With the effective fed funds rate now only slightly below the range of estimates for neutral monetary policy and few signs of economic or financial market overheating, we believe that the Federal Reserve is likely to hold rates steady in March, interrupting its pattern of quarterly interest rate hikes.
Against this backdrop, U.S. Treasury bond markets have recently started to price in a higher probability that the Fed will cut its policy rate in late 2019 or 2020. While the downside risks to the outlook have increased over recent months, we believe it’s too early to forecast the next easing cycle with a high degree of certainty. Slowing global growth and tighter financial conditions over the last several months have negated the need for restrictive monetary policy, in our view, but don’t yet argue for rate cuts. Indeed, a prolonged period where interest rates remain at or close to current levels is very possible.
Arriving at ‘not too hot, not too cold‘
After modest downgrades to their growth and inflation forecasts at the December Federal Open Market Committee (FOMC) meeting, Fed officials will likely need to again downgrade their 2019 growth expectations and revise lower their forecasts for the appropriate policy path when the Fed’s updated Summary of Economic Projections is released in March. We estimate that the cumulative tightening in financial conditions since the December FOMC meeting, if sustained, will slow U.S. economic growth in 2019 by an additional 0.2 percentage points, reducing the need for the Fed to tighten monetary policy to avoid overheating.
Still, it’s important to keep in mind that the magnitude of the recent tightening hasn’t been enough to warrant an outright easing in monetary policy, and absent a further deterioration in global economic fundamentals, we do not think a recession in the U.S. is imminent.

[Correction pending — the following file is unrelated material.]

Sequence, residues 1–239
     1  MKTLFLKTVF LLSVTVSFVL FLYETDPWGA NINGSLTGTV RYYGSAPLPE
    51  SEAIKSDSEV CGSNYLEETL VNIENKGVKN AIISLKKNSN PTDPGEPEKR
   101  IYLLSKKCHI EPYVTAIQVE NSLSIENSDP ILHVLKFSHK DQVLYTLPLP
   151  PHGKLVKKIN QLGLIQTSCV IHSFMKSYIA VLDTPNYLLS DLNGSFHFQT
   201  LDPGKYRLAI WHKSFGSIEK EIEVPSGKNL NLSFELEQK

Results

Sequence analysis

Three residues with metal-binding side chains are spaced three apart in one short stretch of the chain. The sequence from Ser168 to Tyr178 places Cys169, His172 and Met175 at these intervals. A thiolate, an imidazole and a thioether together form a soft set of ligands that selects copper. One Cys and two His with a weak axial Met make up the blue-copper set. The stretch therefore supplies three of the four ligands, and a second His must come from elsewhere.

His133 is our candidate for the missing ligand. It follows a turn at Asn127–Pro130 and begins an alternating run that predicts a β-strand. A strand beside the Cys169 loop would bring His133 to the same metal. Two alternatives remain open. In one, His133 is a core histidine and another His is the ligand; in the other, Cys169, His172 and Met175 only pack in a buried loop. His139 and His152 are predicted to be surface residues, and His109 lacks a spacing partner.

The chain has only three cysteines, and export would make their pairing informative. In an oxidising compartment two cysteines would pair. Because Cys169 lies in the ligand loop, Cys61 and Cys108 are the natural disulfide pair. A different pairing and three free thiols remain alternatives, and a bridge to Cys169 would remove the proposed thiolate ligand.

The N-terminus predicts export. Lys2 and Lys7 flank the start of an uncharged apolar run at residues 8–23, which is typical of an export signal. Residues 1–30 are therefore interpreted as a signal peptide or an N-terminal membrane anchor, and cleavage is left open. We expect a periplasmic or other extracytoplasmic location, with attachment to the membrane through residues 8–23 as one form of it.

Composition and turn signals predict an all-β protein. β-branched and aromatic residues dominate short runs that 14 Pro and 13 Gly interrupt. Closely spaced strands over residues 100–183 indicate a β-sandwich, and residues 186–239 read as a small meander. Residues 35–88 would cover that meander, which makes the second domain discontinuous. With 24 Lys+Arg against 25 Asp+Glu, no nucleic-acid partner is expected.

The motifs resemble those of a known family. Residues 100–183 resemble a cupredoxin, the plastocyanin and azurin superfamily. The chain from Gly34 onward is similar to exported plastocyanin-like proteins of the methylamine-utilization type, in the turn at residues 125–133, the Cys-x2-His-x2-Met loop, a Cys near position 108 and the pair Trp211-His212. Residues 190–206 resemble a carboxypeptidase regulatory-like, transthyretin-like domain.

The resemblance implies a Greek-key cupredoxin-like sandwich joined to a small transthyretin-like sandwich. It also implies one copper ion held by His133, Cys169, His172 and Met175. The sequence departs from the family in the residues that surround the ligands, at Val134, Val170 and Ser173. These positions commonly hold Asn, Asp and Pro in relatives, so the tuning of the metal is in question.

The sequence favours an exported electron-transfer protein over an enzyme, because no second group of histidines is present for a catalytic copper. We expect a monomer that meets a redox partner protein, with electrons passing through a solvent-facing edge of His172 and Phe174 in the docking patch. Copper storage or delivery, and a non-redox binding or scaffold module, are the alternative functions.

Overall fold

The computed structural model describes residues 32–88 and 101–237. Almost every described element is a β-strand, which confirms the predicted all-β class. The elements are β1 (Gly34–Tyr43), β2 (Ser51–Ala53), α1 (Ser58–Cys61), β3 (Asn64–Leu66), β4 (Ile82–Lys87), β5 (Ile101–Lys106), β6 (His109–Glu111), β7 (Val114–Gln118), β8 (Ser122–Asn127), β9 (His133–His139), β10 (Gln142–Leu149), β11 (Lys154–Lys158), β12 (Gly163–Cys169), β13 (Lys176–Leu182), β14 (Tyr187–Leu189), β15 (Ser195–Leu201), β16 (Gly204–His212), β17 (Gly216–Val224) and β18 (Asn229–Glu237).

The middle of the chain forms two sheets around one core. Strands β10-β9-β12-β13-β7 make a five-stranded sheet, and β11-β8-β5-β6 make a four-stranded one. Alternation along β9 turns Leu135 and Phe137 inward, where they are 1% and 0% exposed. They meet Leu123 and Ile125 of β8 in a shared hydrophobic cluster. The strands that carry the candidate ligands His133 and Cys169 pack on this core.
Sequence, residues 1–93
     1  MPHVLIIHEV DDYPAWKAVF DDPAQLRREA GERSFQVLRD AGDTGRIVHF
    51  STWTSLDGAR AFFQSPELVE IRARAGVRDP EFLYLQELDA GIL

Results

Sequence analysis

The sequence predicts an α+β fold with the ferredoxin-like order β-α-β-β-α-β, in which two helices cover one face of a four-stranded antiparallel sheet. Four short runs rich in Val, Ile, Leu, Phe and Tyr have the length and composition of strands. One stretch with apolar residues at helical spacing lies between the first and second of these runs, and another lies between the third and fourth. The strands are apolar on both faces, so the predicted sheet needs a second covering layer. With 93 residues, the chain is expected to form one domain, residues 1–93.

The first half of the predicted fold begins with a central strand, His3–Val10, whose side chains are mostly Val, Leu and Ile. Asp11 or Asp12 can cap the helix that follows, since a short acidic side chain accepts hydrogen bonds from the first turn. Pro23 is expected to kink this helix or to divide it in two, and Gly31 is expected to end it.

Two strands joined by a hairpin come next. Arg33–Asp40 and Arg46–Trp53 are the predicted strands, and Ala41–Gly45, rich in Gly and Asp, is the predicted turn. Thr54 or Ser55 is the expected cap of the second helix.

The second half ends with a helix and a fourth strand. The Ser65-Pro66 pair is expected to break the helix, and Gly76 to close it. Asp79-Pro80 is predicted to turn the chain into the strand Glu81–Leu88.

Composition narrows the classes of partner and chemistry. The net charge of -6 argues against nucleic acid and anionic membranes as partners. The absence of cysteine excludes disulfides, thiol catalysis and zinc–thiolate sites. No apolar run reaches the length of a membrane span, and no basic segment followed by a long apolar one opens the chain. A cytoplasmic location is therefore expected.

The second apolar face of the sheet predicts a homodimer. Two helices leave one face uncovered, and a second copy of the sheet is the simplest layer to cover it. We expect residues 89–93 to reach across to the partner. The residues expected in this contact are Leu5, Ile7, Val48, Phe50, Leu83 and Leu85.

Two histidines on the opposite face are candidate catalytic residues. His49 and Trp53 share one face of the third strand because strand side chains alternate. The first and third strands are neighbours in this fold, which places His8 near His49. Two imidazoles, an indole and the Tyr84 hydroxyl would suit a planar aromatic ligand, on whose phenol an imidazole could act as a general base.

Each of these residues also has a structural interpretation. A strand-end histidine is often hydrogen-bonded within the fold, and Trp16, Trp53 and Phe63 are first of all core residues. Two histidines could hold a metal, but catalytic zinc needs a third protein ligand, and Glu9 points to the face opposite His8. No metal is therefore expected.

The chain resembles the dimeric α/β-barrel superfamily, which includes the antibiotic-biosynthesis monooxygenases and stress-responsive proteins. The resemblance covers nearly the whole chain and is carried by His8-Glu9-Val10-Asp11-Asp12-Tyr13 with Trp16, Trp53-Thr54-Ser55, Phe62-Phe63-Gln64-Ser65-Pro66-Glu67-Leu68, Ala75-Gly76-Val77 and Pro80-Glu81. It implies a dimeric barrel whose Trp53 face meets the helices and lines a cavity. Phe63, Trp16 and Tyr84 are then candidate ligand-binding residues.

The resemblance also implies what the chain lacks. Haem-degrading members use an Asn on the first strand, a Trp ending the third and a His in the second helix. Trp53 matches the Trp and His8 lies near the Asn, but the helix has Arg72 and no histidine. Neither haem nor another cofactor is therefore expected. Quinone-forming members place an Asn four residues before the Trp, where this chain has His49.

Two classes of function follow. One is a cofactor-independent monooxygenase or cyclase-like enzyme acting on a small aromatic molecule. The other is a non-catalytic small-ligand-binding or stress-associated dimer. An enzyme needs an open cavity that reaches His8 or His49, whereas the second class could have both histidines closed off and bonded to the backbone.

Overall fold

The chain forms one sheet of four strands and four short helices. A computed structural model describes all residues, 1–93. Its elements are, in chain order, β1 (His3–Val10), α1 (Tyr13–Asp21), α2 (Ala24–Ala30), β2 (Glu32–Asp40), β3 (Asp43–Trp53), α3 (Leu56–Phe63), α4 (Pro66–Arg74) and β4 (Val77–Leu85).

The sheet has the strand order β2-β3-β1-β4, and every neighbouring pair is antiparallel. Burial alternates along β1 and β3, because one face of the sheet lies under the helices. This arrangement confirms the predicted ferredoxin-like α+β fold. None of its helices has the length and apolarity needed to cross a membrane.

Despite the recent turmoil in financial markets, significant sectors of the U.S. economy remain healthy. After deleveraging in the wake of the 2008 financial crisis, household balance sheets remain robust, and savings rates are high. Consumption, which makes up a sizable portion of U.S. GDP, continues to be supported by tight labor markets, lower energy prices and the recent tax cuts. Furthermore, post-financial-crisis regulations have strengthened the U.S. banking sector, which should mitigate the risk that contagion exacerbates an economic slowdown. We think the financial sector demonstrated its broad stability and its ability to act as a buffer against shocks in 2014‒2015 when credit dislocations after the global energy price collapse did not materially spill over into other markets.
Can the Fed extend the cycle?
In recent speeches, Fed Chair Jerome Powell and other Fed officials have expressed concern over the risks to global growth and have tempered the tone set by last month’s 25-basis-point policy rate increase.
Overall, we believe the Fed is right to be cautious in the face of rising global economic risks. With the policy rate now at 2.4% – within the 2%–3% range that PIMCO has long associated with The New Neutral level – and little evidence of domestic economic or financial market imbalances, the central bank can afford to be flexible and patient, and see how these risks evolve. We view this approach as consistent with a balanced risk management strategy that should ultimately lengthen the cycle.
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